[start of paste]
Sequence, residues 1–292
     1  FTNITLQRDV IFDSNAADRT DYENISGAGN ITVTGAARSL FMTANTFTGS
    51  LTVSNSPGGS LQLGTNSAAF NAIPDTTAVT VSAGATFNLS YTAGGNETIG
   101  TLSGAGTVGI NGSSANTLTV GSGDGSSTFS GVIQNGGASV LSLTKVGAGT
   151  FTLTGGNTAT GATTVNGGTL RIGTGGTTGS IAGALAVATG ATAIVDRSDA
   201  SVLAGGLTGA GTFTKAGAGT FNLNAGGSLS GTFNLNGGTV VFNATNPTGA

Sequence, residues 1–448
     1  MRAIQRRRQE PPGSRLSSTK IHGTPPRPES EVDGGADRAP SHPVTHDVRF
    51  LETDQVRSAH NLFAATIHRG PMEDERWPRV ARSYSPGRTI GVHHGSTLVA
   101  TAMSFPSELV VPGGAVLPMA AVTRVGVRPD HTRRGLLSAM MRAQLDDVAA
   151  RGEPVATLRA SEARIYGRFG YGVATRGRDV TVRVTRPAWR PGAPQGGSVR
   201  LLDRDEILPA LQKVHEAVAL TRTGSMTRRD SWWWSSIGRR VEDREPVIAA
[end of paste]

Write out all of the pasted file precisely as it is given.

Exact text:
Sequence, residues 1–292
     1  FTNITLQRDV IFDSNAADRT DYENISGAGN ITVTGAARSL FMTANTFTGS
    51  LTVSNSPGGS LQLGTNSAAF NAIPDTTAVT VSAGATFNLS YTAGGNETIG
   101  TLSGAGTVGI NGSSANTLTV GSGDGSSTFS GVIQNGGASV LSLTKVGAGT
   151  FTLTGGNTAT GATTVNGGTL RIGTGGTTGS IAGALAVATG ATAIVDRSDA
   201  SVLAGGLTGA GTFTKAGAGT FNLNAGGSLS GTFNLNGGTV VFNATNPTGA

Sequence, residues 1–448
     1  MRAIQRRRQE PPGSRLSSTK IHGTPPRPES EVDGGADRAP SHPVTHDVRF
    51  LETDQVRSAH NLFAATIHRG PMEDERWPRV ARSYSPGRTI GVHHGSTLVA
   101  TAMSFPSELV VPGGAVLPMA AVTRVGVRPD HTRRGLLSAM MRAQLDDVAA
   151  RGEPVATLRA SEARIYGRFG YGVATRGRDV TVRVTRPAWR PGAPQGGSVR
   201  LLDRDEILPA LQKVHEAVAL TRTGSMTRRD SWWWSSIGRR VEDREPVIAA